Around 4 o’clock this morning, as I was keeping my 1 year-old son entertained during his newly shifted sleeping hours (7pm to 3am), a message bubble appeared on my phone. With Trump’s victory still fresh in everyone’s heads, a former student of mine dropped me a line asking, “Written your thoughts on 2016 yet?”
I quickly replied that I’m still reflecting on it and in the meantime shared a piece from The Guardian on the death of globalization and the triumph of racism. I indicated that its ideas were something that were bouncing around in my head only that I haven’t pinned them down on. He then continued that he was interested in what I thought since he vaguely remembers me as being “big on the promise of globalization, and an avid consumer of the so-called liberal commentariat.” Moreover, this now personally affects him as he is in his 20’s and an immigrant into the US.
Watching over my son, I began typing a response. Then it started to feel cathartic. Here was I sent —
In some way I’d say there had been an evolution that came with having to put on the years. A lot of my optimism for globalism then was hinged on the potential of technology as a ‘flattening’ force but even in my work in education I came to see how that wasn’t really true. I am now a staunch advocate against e-learning, for example, in the sense that there is this notion that technology should replace the teacher. But even topical projects such as providing tablets in schools or building computer labs for indigent communities — sadly I’ve seen more failures than successes and have come to see that the way to approach education is to go back to the basics — the teacher student relationship — and innovate around that to make it more effective overall.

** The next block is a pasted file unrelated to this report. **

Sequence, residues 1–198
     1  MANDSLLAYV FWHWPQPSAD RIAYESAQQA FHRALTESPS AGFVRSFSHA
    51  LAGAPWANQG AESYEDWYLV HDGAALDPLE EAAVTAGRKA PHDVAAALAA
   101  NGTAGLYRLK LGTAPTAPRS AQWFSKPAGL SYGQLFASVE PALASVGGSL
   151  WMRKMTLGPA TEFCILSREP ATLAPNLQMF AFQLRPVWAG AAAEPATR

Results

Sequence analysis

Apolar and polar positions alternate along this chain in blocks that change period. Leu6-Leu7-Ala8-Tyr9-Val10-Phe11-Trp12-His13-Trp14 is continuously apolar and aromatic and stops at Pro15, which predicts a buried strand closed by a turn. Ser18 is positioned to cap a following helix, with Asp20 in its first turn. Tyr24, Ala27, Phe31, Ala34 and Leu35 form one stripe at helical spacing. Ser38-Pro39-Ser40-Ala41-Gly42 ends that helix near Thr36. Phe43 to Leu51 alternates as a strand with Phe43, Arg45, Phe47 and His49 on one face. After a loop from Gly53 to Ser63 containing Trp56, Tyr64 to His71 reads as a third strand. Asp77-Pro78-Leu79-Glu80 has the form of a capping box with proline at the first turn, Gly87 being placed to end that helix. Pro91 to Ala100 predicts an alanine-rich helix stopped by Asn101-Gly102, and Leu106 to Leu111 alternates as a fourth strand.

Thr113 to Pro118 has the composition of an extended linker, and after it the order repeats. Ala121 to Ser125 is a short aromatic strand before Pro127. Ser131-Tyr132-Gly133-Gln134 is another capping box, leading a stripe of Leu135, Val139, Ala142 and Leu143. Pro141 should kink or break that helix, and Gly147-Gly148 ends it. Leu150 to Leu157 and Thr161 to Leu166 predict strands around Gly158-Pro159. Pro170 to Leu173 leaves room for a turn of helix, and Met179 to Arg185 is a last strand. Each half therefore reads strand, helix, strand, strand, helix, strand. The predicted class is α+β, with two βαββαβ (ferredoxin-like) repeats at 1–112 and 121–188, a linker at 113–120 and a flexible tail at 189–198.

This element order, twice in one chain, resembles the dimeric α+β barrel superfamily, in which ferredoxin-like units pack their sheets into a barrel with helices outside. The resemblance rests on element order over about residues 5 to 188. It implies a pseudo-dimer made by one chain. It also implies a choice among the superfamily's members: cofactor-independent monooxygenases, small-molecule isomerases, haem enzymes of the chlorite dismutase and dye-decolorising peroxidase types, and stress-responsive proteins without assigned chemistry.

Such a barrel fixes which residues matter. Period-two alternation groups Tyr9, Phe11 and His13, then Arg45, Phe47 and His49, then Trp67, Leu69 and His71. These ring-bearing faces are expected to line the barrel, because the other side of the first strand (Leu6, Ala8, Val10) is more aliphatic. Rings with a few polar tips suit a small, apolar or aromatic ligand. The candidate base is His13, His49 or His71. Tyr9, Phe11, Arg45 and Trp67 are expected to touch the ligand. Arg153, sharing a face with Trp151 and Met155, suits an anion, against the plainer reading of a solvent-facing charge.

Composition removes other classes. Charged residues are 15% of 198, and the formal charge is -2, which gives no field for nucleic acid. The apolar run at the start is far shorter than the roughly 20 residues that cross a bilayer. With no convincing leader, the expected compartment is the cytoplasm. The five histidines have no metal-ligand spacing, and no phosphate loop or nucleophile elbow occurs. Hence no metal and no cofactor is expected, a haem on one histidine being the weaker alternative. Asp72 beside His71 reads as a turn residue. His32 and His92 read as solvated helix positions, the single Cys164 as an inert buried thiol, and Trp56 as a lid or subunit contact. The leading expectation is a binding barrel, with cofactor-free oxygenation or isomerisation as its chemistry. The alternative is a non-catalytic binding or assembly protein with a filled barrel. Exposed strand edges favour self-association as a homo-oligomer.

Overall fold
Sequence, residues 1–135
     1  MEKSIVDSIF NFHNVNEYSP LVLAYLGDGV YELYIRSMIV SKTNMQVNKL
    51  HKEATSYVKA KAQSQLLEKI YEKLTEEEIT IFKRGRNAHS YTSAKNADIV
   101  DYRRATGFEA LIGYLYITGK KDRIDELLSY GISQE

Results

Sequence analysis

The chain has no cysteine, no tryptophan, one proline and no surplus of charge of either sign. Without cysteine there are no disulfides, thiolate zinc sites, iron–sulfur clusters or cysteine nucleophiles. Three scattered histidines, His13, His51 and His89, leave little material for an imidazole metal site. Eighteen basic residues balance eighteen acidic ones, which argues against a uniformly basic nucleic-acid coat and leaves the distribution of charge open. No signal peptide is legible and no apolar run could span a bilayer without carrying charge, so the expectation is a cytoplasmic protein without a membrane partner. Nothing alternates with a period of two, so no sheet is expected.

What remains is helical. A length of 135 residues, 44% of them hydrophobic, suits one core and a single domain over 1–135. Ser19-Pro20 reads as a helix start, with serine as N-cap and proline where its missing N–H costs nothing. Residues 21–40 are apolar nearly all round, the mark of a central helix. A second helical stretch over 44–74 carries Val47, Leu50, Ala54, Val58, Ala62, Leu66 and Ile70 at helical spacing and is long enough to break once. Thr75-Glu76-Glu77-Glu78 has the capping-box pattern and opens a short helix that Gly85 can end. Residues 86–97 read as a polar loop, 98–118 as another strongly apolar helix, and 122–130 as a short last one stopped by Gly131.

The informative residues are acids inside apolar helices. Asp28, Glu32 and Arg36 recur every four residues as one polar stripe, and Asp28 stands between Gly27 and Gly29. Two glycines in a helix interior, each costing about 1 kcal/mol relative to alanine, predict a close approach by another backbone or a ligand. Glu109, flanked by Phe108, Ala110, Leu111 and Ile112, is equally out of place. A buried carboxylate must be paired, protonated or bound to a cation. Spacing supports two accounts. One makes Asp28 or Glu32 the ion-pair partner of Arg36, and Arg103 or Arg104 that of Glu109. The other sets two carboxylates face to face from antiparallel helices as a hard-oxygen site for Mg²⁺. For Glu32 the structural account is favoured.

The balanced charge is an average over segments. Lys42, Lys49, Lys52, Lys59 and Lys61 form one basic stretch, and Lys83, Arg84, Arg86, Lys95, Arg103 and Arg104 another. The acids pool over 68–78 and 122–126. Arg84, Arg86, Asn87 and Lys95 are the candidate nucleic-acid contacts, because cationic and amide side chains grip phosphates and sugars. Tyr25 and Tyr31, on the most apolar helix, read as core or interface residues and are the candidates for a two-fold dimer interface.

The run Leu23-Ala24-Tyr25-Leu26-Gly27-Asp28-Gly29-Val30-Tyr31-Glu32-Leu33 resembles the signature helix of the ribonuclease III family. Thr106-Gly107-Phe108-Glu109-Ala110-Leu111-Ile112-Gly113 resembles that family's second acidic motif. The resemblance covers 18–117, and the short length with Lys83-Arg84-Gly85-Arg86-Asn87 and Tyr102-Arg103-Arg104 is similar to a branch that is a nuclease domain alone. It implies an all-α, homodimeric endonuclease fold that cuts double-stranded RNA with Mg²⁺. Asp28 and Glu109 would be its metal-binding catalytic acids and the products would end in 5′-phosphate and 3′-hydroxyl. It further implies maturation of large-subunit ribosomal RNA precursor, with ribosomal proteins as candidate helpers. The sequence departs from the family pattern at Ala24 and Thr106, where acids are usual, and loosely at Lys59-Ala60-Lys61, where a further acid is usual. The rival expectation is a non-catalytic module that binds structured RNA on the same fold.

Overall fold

My politics has moved on to a similar direction. Whether it be market failures or governance failures, what I look for then is how the institutions propped up to respond to those concerns have failed and how they can be made better. I’m not against globalization per se, but now I’m cognizant that perhaps we don’t have the institutions ready and running to make the most of it, to manage the risks and to maximize the gains. Government and the market are not there yet.
So in a broad sense, I get Brexit. I get Trump. I get Duterte. I may not like it, but I know that so many dominoes had to fall first to get those guys to where they are. At the least, there has been a breakdown in the institutions and they simply caught on the anger and rage against that.
At the end of the day, liberalism is about how we, collectively, allocate justice. And that is the work of the social contract. At my most optimistic, I’d say that we’re still perfecting that work but what these events are also telling us is that there is a cost to waiting and taking our time. And this leads to injustice, and this means liberalism has failed. So we have work to do, and urgently so.
And now as I look at it 12 hours later, there are a few more things that come to mind by way of clarifying and closing the loop on some ideas.